He recently released his debut album on Shouka, a label focusing on traditional music and contemporary electronics from North Africa and beyond. ‘’Drup’’ is a tribute to his African heritage. A bridge to other traditions, it comes replete with percussion and vocals from all over the mother continent and Asia. Combining it all with digital processing, Nuri amalgamates then with now.
On stage, Nuri is a masked witch doctor conducting a deep ritual––a journey into the lost roots of his homeland. Heritage, tribalism, organic sounds, melodies, and loads of emotion.
Çaykh is the DJ moniker of berlin-based and hamburg-born Nicolas Sheikholeslami who is also a member of the live & recording projects “Circuit Diagram“ and “Spiritczualic Enhancement Center“.
Eclectic are his musical interests and so are his DJ-sets & radio shows. Researches that than turned mixes covered regions like Turkey, Ethiopia, Indonesia, South Africa, Sudan and Somalia. The latter research resulted in a teaming up with New York’s “Ostinato Records“ to co-produce the compilation Sweet As Broken Dates – Lost Somali Tapes From The Horn Of Africa, which recieved a nomination for best historical album at “Grammy Awards“ 2018.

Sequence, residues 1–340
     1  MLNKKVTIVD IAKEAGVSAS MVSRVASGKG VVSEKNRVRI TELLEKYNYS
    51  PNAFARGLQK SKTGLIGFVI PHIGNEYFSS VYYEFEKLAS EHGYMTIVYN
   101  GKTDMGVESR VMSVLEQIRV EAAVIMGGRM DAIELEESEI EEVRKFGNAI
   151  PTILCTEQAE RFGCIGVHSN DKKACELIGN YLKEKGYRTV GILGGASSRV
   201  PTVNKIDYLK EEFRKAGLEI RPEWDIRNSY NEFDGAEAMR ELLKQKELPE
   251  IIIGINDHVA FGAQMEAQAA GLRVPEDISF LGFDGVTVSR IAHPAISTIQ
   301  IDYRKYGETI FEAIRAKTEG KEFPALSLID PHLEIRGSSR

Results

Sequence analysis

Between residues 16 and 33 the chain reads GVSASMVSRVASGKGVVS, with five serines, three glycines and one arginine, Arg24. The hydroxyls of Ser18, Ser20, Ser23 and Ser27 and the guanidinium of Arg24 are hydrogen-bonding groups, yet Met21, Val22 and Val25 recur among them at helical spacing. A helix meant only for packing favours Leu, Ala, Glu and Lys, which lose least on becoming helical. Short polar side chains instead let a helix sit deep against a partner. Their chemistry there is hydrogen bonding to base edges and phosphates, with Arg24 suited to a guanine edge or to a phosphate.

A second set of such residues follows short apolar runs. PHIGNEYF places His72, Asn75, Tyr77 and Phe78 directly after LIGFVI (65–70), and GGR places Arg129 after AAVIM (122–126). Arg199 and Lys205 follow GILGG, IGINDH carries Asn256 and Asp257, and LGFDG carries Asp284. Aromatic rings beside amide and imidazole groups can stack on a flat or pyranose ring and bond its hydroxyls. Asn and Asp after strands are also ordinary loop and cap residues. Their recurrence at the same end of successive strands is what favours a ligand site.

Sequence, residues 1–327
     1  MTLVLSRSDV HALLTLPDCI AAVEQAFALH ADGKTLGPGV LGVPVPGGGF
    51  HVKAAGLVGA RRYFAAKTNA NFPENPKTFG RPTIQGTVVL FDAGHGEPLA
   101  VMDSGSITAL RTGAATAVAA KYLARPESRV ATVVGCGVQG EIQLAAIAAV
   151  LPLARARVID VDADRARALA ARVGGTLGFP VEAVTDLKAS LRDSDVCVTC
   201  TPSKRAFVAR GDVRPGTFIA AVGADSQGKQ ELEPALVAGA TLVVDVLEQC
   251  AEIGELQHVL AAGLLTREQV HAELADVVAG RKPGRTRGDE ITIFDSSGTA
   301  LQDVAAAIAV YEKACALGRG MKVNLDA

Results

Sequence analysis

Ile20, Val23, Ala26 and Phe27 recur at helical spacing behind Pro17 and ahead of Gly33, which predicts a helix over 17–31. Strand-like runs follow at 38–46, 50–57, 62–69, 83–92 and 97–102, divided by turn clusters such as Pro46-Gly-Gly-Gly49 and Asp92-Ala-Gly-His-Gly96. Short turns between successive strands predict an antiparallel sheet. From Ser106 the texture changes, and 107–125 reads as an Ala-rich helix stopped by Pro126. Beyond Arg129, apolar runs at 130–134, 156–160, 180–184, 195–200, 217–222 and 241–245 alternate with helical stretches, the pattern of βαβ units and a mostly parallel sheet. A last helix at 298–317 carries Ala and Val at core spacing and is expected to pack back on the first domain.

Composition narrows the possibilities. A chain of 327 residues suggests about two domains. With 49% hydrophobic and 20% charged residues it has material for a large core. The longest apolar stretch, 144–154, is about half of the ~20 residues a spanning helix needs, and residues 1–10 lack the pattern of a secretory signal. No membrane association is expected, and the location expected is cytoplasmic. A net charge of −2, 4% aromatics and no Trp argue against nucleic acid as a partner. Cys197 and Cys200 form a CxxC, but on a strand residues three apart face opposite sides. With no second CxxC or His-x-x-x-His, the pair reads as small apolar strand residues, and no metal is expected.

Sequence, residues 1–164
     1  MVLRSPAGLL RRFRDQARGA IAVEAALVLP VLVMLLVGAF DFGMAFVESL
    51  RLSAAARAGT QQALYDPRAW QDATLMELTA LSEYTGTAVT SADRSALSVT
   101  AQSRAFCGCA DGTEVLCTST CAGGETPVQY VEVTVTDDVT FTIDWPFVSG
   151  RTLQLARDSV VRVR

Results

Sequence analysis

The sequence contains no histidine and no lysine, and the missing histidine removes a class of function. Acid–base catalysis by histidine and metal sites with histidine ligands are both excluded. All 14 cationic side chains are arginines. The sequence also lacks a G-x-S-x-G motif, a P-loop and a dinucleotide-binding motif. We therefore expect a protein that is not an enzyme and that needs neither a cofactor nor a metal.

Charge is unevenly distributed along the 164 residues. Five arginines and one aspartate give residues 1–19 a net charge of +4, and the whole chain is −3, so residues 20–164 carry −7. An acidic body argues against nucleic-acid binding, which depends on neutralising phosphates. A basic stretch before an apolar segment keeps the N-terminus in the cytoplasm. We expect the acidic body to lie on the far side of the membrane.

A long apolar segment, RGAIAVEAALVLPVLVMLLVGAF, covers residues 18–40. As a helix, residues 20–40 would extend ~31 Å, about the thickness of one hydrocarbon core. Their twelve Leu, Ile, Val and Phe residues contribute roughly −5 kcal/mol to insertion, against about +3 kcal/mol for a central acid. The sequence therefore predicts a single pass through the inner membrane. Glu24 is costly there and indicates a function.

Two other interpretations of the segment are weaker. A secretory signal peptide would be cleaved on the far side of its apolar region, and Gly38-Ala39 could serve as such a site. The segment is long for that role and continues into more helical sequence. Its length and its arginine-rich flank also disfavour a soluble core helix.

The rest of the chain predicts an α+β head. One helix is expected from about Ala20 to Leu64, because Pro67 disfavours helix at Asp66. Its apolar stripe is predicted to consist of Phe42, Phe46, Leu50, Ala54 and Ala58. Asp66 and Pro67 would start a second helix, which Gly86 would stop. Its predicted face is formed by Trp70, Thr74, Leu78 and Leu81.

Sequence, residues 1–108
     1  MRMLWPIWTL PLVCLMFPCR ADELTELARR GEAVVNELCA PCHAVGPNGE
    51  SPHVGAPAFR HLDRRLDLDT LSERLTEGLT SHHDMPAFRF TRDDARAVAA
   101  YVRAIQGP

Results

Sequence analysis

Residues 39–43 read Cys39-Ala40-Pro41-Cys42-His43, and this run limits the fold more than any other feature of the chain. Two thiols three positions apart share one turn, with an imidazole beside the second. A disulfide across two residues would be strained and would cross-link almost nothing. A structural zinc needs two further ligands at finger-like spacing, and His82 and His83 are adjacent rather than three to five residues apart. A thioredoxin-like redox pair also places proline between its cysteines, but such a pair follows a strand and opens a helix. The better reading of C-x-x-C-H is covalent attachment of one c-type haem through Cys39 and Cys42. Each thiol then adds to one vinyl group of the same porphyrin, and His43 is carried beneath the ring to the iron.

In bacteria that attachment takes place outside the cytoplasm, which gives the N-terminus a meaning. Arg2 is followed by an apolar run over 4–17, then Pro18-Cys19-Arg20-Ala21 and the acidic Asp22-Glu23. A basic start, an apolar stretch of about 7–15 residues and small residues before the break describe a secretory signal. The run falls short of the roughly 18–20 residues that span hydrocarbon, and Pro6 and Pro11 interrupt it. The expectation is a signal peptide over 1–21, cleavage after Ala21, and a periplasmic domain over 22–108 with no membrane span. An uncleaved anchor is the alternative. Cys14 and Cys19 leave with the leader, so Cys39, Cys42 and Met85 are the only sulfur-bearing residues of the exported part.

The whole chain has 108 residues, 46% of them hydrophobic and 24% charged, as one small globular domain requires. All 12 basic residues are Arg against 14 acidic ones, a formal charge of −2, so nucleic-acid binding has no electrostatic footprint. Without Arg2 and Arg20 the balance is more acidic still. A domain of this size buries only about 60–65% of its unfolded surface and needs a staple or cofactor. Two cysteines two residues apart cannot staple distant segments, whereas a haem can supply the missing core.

Besides mixes and sets based on the region of it’s origin Çaykh also likes to play sets of music that tend to rather concentrate on a certain red thread or attribute that he senses in the selected music, regardless of it being spiritual Jazz, modular synth freak outs, or so-called traditional music from any region of the world.
For later this year his first 3-track solo vinyl release is scheduled on Manchester’s “Natural Sciences“ label.
When singer Mariam Wallentin visited Fasching last year, it was as Mariam The Believer. Bewildered, SvD’s Dan Backman gushed about her “colorful and crooked and absolutely lovely” performance.